HEALTH ENCYCLOPEDIA

Diseases & Conditions A - Z
powered by Talix

Retinal Vein Occlusion

What Is Retinal Vein Occlusion?

A retinal vein occlusion is sometimes referred to as an “eye stroke.” It’s the blockage of one of the veins returning blood from your retina back to your heart. Your retina converts light and images into nerve signals and sends them to your brain via the optic nerve. Blockages from blood clots or fluid buildup in your retinal veins impairs your retina’s ability to filter light and your ability to see. The severity of vision loss depends on which vein is blocked.

What Are the Types of Retinal Vein Occlusion?

There are two types of retinal veins. There’s one central vein and many smaller branch veins. Likewise, there are two types of retinal vein occlusion. There’s central retinal vein occlusion and branch retinal vein occlusion.

Symptoms of Retinal Vein Occlusion

The primary symptom of retinal vein occlusion is a blurring or loss of vision that’s usually sudden in onset and generally in only one eye. If it isn’t treated, the blurring or loss of vision usually gets worse in hours or days. Sometimes, you’ll see dark spots or floaters, which are tiny clumps of cells or material floating in your eye. In severe cases, a blocked vein will build up pressure and cause pain in your eye.

It’s important to see your doctor right away if you have these symptoms because a retinal vein occlusion can lead to other health problems.

What Causes Retinal Vein Occlusion?

Retinal vein occlusions usually occur because your arteries harden and cause a clot, much like a stroke. Blockages are more common in people with narrowed or damaged blood vessels, or those with chronic conditions that cause them. Such diseases include:

  • atherosclerosis, which is a hardening of the arteries
  • glaucoma, which is optic nerve damage that’s usually caused by increased pressure
  • macular edema, which is fluid leakage into the macula, or the area of the retina that allows for sharp focus
  • diabetes
  • high blood pressure
  • high cholesterol
  • blood disorders that affect clotting
  • people over the age of 60
  • people who smoke

Diagnosing Retinal Vein Occlusion

This disease is diagnosed with a comprehensive eye exam, including vision and pressure checks, and examining the surfaces and vessels of your eye. Other tests to diagnose retinal vein occlusion include:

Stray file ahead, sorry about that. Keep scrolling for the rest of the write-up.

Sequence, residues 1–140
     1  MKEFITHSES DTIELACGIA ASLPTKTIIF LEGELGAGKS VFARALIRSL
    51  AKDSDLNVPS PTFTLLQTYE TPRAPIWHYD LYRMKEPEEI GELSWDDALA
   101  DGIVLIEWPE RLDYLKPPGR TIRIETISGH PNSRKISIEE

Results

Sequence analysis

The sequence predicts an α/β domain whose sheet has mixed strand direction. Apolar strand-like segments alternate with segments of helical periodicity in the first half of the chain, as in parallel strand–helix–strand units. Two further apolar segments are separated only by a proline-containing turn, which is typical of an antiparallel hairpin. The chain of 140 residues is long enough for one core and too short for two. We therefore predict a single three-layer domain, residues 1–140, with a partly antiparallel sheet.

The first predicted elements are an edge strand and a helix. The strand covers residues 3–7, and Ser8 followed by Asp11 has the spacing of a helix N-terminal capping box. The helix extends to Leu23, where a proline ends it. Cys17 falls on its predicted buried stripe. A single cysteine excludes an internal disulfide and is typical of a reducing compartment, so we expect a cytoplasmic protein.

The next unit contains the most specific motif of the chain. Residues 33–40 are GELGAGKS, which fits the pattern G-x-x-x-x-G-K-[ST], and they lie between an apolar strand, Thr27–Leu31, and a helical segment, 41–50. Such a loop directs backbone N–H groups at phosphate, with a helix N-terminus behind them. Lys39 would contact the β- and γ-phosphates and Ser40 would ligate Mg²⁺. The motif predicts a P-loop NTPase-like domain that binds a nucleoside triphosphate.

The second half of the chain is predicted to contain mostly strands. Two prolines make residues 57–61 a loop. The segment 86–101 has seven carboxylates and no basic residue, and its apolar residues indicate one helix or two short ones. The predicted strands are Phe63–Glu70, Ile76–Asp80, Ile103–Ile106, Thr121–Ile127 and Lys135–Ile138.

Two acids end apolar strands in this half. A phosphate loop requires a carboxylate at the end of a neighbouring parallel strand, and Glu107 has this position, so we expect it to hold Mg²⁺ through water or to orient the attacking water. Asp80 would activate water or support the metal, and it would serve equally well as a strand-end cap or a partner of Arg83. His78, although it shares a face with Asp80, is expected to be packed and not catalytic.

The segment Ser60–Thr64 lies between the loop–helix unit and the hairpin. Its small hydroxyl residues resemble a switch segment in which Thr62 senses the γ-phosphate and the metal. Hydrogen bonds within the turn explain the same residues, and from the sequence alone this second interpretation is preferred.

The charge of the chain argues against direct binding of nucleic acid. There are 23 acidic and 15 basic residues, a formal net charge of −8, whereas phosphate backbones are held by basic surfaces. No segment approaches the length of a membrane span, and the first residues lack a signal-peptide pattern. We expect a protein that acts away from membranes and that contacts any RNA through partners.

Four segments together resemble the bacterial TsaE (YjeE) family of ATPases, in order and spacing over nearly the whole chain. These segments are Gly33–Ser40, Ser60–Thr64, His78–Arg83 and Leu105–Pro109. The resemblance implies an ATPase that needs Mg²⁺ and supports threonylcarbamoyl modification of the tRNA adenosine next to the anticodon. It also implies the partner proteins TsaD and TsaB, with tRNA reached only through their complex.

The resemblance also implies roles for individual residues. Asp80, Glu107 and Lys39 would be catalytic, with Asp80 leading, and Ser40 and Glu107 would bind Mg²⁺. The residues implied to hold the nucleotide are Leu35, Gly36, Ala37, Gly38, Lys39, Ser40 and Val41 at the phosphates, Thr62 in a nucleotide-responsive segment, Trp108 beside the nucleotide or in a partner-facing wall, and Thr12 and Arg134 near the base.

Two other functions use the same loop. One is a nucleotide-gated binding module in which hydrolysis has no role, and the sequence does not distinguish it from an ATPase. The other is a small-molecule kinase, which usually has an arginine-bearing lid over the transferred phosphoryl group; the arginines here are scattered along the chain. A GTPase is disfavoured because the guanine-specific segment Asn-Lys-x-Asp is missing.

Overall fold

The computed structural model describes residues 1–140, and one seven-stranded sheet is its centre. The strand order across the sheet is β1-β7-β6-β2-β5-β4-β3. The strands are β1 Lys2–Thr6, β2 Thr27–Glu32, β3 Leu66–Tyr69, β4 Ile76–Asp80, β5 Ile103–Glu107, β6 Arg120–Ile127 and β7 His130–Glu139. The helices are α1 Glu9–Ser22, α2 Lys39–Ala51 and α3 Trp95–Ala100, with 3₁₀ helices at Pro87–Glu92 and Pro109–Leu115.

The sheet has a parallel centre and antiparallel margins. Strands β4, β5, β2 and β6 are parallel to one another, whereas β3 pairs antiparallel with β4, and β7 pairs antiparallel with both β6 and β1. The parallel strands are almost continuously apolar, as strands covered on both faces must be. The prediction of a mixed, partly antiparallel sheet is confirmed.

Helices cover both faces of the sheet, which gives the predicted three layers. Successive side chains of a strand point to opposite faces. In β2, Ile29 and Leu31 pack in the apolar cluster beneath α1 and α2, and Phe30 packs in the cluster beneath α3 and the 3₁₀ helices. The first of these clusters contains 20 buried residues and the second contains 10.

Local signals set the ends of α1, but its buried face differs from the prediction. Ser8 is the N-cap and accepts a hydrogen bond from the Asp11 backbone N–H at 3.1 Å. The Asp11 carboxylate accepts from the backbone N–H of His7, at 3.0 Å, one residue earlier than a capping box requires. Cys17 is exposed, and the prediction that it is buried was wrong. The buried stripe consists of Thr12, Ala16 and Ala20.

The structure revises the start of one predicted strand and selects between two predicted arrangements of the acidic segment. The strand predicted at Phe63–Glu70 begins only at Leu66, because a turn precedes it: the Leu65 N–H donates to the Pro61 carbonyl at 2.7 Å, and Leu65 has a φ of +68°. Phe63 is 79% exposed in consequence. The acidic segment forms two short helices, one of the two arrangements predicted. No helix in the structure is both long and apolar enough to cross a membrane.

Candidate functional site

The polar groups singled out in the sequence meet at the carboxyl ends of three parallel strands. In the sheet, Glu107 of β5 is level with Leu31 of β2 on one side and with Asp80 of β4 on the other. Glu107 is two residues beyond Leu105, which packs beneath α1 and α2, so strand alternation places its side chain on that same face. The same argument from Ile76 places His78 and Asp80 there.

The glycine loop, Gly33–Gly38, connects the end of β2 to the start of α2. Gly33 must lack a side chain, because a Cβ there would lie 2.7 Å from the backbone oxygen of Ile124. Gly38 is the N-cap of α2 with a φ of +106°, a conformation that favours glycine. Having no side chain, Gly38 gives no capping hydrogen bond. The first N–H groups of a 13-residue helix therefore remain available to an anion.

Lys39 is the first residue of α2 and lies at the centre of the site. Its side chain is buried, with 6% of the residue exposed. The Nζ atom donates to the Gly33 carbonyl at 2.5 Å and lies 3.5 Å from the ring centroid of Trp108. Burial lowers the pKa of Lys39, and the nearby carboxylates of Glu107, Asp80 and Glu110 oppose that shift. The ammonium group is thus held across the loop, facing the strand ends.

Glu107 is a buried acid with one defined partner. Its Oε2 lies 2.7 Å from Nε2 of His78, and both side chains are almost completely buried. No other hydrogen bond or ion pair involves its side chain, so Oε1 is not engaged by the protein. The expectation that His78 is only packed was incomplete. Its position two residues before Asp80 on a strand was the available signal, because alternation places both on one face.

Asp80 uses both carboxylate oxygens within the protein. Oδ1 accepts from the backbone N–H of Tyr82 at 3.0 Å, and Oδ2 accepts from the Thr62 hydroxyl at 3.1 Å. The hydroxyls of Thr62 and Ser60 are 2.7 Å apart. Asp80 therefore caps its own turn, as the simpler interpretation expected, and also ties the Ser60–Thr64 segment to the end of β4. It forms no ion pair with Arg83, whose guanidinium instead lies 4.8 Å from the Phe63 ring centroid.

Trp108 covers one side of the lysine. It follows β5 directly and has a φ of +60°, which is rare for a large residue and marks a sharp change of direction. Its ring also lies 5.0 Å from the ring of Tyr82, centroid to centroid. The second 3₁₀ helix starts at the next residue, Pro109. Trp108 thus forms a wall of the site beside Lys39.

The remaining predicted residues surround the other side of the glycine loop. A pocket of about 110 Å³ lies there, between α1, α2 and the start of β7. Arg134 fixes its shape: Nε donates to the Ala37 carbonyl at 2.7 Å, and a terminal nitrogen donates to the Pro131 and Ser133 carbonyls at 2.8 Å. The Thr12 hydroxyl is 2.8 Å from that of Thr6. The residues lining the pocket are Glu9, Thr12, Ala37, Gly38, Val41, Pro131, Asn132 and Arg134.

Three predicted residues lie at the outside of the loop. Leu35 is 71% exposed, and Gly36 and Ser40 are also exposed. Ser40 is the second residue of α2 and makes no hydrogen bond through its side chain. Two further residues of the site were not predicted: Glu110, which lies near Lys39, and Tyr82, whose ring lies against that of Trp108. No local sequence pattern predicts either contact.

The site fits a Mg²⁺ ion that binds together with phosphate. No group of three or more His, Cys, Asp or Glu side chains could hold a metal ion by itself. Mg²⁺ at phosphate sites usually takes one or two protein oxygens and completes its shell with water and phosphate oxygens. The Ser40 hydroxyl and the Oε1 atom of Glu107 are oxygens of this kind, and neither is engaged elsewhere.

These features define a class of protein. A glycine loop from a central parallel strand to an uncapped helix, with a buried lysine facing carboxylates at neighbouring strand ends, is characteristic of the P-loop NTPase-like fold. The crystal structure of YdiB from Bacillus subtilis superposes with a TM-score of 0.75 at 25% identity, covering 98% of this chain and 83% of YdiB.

• optical coherence tomography, in which a high-definition image is taken of your retina
  • ophthalmoscopy, in which your retina is examined with an ophthalmoscope
  • fluorescein angiography, in which a dye is injected into your arm that then travels to your retinal veins to be photographed for blockages

Your doctor may also perform blood tests for diabetes, high cholesterol, and blood clotting disorders.

Treating Retinal Vein Occlusion

Blockages in your retinal veins can’t be removed. Treatment focuses on issues arising from the occlusion, such as:

  • laser therapy to reduce edema, or swelling caused by fluid leakage
  • drug injections of corticosteroids to reduce inflammation
  • a vitrectomy, which is the removal of all or part of the jelly-like tissue in your eye called the “vitreous humor”

This clinical trial shows that a combination of ranibizumab and aflibercept is effective in restoring vision in patients with macular edema due to a retinal vein occlusion.

What Is the Outlook for People with Retinal Vein Occlusion?

The outlook for people with this condition depends on its severity. Many people will recover and regain most of their vision, however for some, vision may not return.

Those with other eye conditions or complications are less likely to recover fully. Work with your eye doctor to keep your eyes healthy. Regular checkups can help prevent further problems.

The condition will sometimes go away on its own and you can regain vision.

Preventing Retinal Vein Occlusion

Because this disease occurs in veins, you can reduce your risk of it by protecting your blood vessels and maintaining healthy vascular tissue. Healthy lifestyle and dietary changes include:

  • exercising
  • losing weight if you’re overweight
  • maintaining a healthy weight
  • quitting smoking if you smoke
  • controlling diabetes if you have diabetes
  • reducing your blood pressure if you have high blood pressure
  • reducing your cholesterol if you have high cholesterol
  • taking aspirin or other blood thinners if recommended by your doctor

Getting regular eye exams will help your doctor detect and diagnose any eye diseases early on. 


Content licensed from:

Written by: Amber Erickson Gabbey
Published on: Jun 29, 2012on: Mar 21, 2016

This feature is for informational purposes only and should not be used to replace the care and information received from your health care provider. Please consult a health care professional with any health concerns you may have.
health
TOOLS
Symptom Search
Enter your symptoms in our Symptom Checker to find out possible causes of your symptoms. Go.
Drug Interaction Checker
Enter any list of prescription drugs and see how they interact with each other and with other substances. Go.
Pill Identifier
Enter its color and shape information, and this tool helps you identify it. Go.
Drugs A-Z
Find information on drug interactions, side effects, and more. Go.
Advertisement

 

 

Discounts & Benefits

From companies that meet the high standards of service and quality set by AARP.

Member Benefits AT&T Wireless Cell Phone

Members save 10% on the monthly service charge of qualified AT&T wireless plans.

Member Benefit AARP Regal 2

Members pay $9.50 for Regal ePremiere Tickets purchased online.

Walgreens 1 discount membership aarp

Members earn points on select Walgreens-brand health and wellness products.

Member Benefits

Join or renew today! Members receive exclusive member benefits & affect social change.

Advertisement